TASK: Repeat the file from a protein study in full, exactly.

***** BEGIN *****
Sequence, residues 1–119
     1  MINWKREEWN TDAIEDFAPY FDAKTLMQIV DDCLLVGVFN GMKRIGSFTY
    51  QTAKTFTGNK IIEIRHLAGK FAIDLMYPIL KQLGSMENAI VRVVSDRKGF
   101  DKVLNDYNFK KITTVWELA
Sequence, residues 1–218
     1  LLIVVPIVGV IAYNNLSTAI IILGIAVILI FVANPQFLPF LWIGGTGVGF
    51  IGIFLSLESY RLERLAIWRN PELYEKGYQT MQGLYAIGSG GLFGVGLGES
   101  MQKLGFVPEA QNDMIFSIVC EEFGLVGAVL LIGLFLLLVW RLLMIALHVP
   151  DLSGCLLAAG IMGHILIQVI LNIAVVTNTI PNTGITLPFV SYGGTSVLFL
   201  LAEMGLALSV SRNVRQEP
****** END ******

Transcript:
Sequence, residues 1–119
     1  MINWKREEWN TDAIEDFAPY FDAKTLMQIV DDCLLVGVFN GMKRIGSFTY
    51  QTAKTFTGNK IIEIRHLAGK FAIDLMYPIL KQLGSMENAI VRVVSDRKGF
   101  DKVLNDYNFK KITTVWELA
Sequence, residues 1–218
     1  LLIVVPIVGV IAYNNLSTAI IILGIAVILI FVANPQFLPF LWIGGTGVGF
    51  IGIFLSLESY RLERLAIWRN PELYEKGYQT MQGLYAIGSG GLFGVGLGES
   101  MQKLGFVPEA QNDMIFSIVC EEFGLVGAVL LIGLFLLLVW RLLMIALHVP
   151  DLSGCLLAAG IMGHILIQVI LNIAVVTNTI PNTGITLPFV SYGGTSVLFL
   201  LAEMGLALSV SRNVRQEP